The Current Population Survey currently uses the 2010 Census occupational classification and the 2012 Census industry classification. These classifications were derived from the 2010 Standard Occupational Classification (SOC) and the 2012 North American Industry Classification System (NAICS), respectively, to meet the special classification needs of demographic household surveys. The Census classifications use the same basic structure as the SOC and NAICS, but are generally less detailed.

  • 2010 Census Occupation Titles and Code List (PDF) (XLSX) (HTML)
    • Includes a crosswalk to the 2010 SOC
  • 2012 Census Industry Titles and Code List (PDF) (XLSX) (HTML)
    • Includes a crosswalk to the 2012 NAICS

More information about the Census occupational and industry classifications is available from the Census Bureau, including indexes showing where specific jobs and industries are classified.

Learn more about the historical comparability of occupation and industry data from the CPS.

Population control adjustments to the CPS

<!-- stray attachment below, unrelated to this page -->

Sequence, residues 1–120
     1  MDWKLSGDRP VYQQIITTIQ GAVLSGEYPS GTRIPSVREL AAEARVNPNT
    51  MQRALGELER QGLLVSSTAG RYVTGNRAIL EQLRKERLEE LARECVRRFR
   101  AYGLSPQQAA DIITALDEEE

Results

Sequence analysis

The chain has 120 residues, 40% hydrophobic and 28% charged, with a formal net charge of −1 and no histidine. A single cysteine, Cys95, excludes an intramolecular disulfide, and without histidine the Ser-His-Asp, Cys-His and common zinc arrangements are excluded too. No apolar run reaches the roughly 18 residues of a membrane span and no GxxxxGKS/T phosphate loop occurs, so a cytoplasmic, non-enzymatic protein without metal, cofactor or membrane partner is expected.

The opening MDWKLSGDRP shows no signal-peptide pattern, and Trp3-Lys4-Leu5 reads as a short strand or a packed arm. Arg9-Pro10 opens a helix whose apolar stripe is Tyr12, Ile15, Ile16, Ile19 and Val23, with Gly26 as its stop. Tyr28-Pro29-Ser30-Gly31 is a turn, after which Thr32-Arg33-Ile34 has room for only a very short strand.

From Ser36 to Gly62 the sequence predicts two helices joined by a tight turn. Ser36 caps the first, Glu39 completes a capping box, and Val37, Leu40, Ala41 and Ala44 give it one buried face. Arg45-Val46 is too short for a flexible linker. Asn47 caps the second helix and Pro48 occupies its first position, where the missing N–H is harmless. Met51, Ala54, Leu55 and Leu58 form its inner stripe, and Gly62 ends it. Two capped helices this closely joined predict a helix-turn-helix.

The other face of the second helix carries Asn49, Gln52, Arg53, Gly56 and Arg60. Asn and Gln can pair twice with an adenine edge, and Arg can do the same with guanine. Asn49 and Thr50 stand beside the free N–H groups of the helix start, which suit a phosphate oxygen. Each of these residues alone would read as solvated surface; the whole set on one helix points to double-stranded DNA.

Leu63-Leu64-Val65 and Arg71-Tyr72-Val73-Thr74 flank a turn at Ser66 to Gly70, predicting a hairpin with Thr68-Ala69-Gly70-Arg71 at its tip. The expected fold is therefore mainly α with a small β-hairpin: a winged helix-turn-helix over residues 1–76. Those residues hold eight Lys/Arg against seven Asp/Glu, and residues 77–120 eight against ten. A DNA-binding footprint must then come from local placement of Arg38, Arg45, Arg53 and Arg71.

Population controls are independent estimates of population used to weight the CPS sample results. The CPS population controls are developed by the U.S. Census Bureau. They are based on decennial census information as well as administrative data such as birth and death statistics and estimates of net international migration. Information about the Census Bureau's population estimation methodology is available on their website at

The Census Bureau reviews and adjusts the CPS population controls every year. BLS introduces the annual population control adjustments into the CPS estimates beginning with the January data. The adjustments may increase or decrease the population level, depending on whether the latest information indicates the population estimates have trended high or low. Conceptually, the population control adjustments represent the cumulative over- or under-estimation of the population since the last decennial census point.